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Briefly Noted: Latest from Stile Antico

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The Phoenix Rising, Stile Antico

(released on August 13, 2013)
HMU 807582 | 74'18"

available at Amazon
From the Imperial Court: Music for the House of Hapsburg, Stile Antico

(released on September 9, 2014)
HMU 807595 | 71'07"
British choir Stile Antico, founded in 2001, has become the young vanguard for Renaissance polyphony in my ears, alongside the more established Tallis Scholars. Their recordings and their live performances -- in Washington, in 2011 and 2013 -- have both justified this admiration. Both of their most recent discs show perhaps a minor few cracks in the foundation (some tremulous sounds in the sopranos, some wobbles here and there, some intonation infelicities) but are on the whole rewarding listening.

Last year's The Phoenix Rising was offered in celebration of the 100th anniversary of the establishment of the Carnegie UK Trust, which funded the publication of the Denkmäler, that is, monumental edition, Tudor Church Music. For many composers featured on the disc -- Byrd, Gibbons, Morley, Tallis, Taverner, all so beautifully recorded by Stile Antico over the years -- TCM was the first edition in modern notation available to choral singers, sparking the Renaissance of English Renaissance church music. Byrd's Mass for Five Voices, with its smoldering Agnus Dei, provides the foundation for a selection of motets, including gorgeous renditions of Byrd's evergreen Ave verum corpus and Robert White's extraordinary alternatim Compline hymn Christe qui lux es et dies.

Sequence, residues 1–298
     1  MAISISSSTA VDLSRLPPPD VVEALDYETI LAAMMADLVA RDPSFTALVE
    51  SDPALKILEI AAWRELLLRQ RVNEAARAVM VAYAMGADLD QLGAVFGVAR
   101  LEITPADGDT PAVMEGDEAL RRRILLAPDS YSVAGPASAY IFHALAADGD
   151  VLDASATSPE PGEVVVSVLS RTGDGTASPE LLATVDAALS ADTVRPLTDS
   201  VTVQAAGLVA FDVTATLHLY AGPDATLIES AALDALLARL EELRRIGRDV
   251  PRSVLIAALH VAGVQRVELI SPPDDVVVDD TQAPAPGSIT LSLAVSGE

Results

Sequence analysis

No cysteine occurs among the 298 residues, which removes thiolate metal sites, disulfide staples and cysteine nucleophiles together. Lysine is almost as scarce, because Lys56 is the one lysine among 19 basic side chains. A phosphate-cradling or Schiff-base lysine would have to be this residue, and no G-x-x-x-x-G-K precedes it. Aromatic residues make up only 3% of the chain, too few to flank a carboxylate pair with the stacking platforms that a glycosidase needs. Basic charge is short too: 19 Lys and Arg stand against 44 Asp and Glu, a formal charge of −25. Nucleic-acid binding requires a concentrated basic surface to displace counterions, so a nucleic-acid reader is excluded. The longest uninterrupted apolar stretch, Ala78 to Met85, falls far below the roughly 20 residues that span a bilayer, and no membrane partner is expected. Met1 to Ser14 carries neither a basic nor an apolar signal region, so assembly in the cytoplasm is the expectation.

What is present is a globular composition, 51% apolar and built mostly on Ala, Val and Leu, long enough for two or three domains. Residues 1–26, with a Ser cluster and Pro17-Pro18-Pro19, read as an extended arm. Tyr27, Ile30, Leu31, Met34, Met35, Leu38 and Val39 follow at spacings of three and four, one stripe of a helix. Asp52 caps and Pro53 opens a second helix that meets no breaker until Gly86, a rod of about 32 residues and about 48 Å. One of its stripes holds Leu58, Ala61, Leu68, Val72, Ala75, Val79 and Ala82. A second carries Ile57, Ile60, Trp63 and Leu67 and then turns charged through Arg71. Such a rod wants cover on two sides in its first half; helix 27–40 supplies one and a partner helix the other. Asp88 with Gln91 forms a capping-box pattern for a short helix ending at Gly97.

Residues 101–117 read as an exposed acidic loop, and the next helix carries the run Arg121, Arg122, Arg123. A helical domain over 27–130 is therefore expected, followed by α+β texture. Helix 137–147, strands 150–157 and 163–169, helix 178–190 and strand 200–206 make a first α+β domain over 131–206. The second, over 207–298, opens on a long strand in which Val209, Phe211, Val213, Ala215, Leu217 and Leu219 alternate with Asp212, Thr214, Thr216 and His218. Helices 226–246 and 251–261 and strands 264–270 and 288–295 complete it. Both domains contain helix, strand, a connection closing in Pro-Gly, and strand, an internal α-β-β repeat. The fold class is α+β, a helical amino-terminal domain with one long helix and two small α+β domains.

From the Imperial Court, set to be released next month, brings together the music of composers in the employ of Maximilian I and other Hapsburg emperors, including Josquin Desprez, Heinrich Isaac, Pierre de la Rue, Ludwig Senfl, Thomas Crecquillon, and others. The works chosen reveal some intriguing historical moments in the Hapsburg family (these are largely pieces that cannot be sung in a liturgical context), like Isaac's Virgo prudentissima (composed for the Reichstag in 1507, proclaiming Maximilian I as Holy Roman Emperor, with text and music making a nifty parallel between the new words and the cantus firmus at the words "electa ut sol") and Crecquillon's Andreas Christi famulus (probably for a meeting of the Order of the Golden Fleece, whose patron was St. Andrew). There are delightful discoveries to be made, too, including Gombert's six-voice augmentation of Josquin's Mille regretz (alongside the original) and Clemens non Papa's Carole magnus eras.

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